Chasing the Perfect Portfolio
At Whipsaw we come across many different portfolios covering a variety of different skill levels. Organizing and presenting a portfolio can be a daunting task. You’ve spent years pouring your blood, sweat, and tears into your work, and now it’s time to be judged blind against an army of other designers on the hunt for the same job. Whether you’re a student in search of an internship, a recent graduate in search of your first job, or a seasoned professional looking for a fresh creative environment, here is some sage advice from our team.
Hook Your Audience
From the moment a portfolio reviewer visits your website, you have thirty seconds to make an impression, otherwise they are off to the next hopeful applicant and all that hard work goes unseen. This is not to say reviewers are cold and heartless, they just have mountains of applicants to get through on top of their daily design work. Having a portfolio “hook” can keep your hard work from landing in the immediate rejection pile. Think about the hook as the cover of a comic book or a Netflix teaser. “Winter is coming.” With that single line, Game of Thrones captured the imaginations of audiences around the world. Pair that with ominous music, blue eyes, and blurred battle scenes through a mysterious forest and suddenly you’ve got millions of people staying up all night waiting in line to binge watch 8 seasons!
The hook should provide some insight into who you are. If you’re into transportation design, maybe it’s a killer automotive sketch. If you’re a seasoned designer, it might be an easily recognizable product on the market that you worked on. Maybe it’s an unexpected provocative design philosophy statement or a detail shot of an intricate CAD surface texture or feature. Whatever the hook is, it should instantly grab the reviewer’s attention and most importantly get them interested in diving deeper.
Use Your Designer Powers
By now you’ve hooked people, they’ve scrolled beyond the teaser images and want to know more. Here’s where you can prove you’ve done your research, talked to users, made prototypes, and designed something truly meaningful. It’s just like middle school math class. It’s important to give the reviewer insight into how you processed the problem, not just how you solved it in the end. Explain the highlights, challenges, pivots, and “ah-ha” moments throughout the project.
While you capture attention with your flashiest project, you’re still going to be judged by your weakest one.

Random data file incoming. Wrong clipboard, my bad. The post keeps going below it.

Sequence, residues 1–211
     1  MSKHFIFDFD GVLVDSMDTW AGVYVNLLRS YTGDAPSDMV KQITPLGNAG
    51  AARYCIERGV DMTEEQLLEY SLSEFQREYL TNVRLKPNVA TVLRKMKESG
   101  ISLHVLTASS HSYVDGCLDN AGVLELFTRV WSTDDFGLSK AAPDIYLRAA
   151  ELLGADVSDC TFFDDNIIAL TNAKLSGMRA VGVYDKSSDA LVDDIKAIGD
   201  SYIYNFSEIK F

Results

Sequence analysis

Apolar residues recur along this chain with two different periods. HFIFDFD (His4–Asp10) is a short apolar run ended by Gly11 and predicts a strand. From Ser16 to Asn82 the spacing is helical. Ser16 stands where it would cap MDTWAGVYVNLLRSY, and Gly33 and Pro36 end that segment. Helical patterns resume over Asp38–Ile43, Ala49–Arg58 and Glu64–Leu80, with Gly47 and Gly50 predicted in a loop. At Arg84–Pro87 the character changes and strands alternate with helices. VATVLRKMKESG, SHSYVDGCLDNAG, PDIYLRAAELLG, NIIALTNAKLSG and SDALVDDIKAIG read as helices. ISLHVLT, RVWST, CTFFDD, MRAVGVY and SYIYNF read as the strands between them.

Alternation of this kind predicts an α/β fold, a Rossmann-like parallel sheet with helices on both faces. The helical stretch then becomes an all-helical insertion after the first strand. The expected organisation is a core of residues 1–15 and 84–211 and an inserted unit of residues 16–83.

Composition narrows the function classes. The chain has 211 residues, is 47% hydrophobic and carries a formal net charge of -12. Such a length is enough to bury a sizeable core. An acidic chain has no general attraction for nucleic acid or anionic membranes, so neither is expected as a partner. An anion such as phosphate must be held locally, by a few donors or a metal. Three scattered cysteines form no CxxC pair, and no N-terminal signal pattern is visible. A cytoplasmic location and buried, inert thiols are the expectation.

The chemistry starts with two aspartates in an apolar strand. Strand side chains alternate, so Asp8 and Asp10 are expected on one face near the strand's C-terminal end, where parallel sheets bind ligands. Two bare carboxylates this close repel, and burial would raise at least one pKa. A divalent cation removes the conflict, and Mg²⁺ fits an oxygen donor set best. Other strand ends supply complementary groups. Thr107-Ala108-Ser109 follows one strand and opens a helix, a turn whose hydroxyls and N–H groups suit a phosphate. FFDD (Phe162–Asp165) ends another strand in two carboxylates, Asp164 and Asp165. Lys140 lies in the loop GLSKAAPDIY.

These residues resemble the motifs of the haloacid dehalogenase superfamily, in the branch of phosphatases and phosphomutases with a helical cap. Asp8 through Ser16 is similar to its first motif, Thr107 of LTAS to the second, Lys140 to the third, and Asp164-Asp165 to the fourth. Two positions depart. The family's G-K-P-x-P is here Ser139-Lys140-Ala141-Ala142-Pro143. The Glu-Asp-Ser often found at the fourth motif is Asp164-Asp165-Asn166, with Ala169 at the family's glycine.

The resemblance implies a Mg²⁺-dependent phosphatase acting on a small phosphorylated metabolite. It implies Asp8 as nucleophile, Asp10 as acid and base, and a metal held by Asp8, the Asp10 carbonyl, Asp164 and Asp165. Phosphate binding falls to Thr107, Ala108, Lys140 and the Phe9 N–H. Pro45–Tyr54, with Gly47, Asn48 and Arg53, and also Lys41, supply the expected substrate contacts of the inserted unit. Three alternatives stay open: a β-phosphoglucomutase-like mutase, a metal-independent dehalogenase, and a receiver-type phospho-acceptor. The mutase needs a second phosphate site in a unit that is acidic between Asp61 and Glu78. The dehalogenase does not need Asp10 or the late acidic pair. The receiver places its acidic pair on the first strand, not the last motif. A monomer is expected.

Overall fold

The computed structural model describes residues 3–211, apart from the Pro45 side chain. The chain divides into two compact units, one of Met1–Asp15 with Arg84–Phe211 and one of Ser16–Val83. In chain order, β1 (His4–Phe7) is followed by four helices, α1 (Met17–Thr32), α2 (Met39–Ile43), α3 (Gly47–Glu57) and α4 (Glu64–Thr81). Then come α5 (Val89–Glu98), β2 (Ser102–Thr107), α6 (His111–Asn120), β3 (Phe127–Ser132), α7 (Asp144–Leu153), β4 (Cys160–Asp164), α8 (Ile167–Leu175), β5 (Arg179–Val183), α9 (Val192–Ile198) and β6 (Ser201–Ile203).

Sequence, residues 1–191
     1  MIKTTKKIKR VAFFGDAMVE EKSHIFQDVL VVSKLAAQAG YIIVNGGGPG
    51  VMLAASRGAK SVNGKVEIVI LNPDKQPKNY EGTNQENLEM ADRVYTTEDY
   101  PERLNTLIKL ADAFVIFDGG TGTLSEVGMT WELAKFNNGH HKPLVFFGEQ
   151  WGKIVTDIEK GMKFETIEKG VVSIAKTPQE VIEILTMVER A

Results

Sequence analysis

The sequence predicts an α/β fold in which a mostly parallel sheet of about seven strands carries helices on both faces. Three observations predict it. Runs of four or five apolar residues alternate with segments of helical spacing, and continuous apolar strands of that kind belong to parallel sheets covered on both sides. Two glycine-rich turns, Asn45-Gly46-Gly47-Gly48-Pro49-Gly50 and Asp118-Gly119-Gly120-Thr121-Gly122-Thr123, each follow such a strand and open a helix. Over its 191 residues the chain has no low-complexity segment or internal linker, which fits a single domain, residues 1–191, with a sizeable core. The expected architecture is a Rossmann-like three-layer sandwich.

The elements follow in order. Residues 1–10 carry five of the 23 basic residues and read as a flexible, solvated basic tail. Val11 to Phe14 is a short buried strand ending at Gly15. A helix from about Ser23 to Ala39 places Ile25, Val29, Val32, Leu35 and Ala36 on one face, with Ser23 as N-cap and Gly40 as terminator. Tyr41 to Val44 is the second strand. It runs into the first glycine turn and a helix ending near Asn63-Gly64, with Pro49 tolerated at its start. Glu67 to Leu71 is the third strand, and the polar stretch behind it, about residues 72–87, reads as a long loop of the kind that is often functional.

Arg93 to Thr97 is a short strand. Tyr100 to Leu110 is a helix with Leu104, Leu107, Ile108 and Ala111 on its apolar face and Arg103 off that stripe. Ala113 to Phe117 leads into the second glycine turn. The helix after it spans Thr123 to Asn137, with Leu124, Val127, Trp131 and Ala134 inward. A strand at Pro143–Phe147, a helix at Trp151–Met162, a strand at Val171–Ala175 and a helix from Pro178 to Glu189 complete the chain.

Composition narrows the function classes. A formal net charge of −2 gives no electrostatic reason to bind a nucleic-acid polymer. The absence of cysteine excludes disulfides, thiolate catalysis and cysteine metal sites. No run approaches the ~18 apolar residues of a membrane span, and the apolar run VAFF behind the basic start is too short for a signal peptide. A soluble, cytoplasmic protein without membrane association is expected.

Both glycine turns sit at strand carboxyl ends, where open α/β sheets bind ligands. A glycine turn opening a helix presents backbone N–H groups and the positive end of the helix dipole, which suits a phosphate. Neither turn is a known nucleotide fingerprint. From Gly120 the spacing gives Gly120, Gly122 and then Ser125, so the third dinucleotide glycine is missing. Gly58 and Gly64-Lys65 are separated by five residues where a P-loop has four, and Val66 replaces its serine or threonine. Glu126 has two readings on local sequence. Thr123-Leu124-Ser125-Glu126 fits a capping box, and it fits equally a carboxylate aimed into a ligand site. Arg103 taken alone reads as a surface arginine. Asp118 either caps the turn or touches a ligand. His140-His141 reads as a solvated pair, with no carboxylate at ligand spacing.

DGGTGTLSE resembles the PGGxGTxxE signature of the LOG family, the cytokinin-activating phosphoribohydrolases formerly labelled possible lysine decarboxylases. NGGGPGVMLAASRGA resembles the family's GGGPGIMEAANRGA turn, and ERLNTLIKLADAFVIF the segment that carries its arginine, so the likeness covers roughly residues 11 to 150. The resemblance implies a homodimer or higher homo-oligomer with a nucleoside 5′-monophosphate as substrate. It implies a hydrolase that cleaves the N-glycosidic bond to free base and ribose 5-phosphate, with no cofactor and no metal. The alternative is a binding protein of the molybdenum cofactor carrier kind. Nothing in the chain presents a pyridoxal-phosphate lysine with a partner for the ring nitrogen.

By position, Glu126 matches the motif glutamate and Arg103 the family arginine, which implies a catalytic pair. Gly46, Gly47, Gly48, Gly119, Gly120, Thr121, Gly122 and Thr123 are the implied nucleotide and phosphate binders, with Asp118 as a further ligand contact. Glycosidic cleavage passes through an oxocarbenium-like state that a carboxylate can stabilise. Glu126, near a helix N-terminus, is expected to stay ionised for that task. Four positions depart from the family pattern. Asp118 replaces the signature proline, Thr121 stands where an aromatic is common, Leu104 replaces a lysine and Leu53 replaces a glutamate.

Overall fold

Think of your portfolio reviewers as users and design your content layout as if you’re designing a product. Use simple and easy to read statements, pictures, renders, and sketches, but keep it concise. Be sure to include anything that is pivotal to the final design, but leave the research dissertation at home. Make it easy to navigate and understand. Use tried and true graphic design layout techniques and proper hierarchy of information to deliver your content in a simple and organized way. While you capture attention with your flashiest project, you’re still going to be judged by your weakest one. Think quality over quantity. Reviewers would rather see 3 really polished and well-thought-through projects than 10 mediocre ones. Reviewers may second guess your chops if you have a lackluster design 101 project in your portfolio. If you have projects that now feel outdated, rework them.
Tell a Story
You’ve spent countless hours burning through Copic marker ink, synthesizing research, pushing pixels, breathing foam dust, and crashing Solidworks. You’re hoping you have a compelling design solution to one of the most complex problems plaguing mankind. You’ve been working on this amazing design solution for over a year. You know more about the subject than anyone. And that’s the way it should be when you’re designing the product. But when you’re designing your portfolio that level of expertise may actually be one of your biggest problems. The people reviewing your portfolio have not been on every step of this design journey with you. They may know nothing about your design challenge and dismiss an elegant solution because they don’t understand it.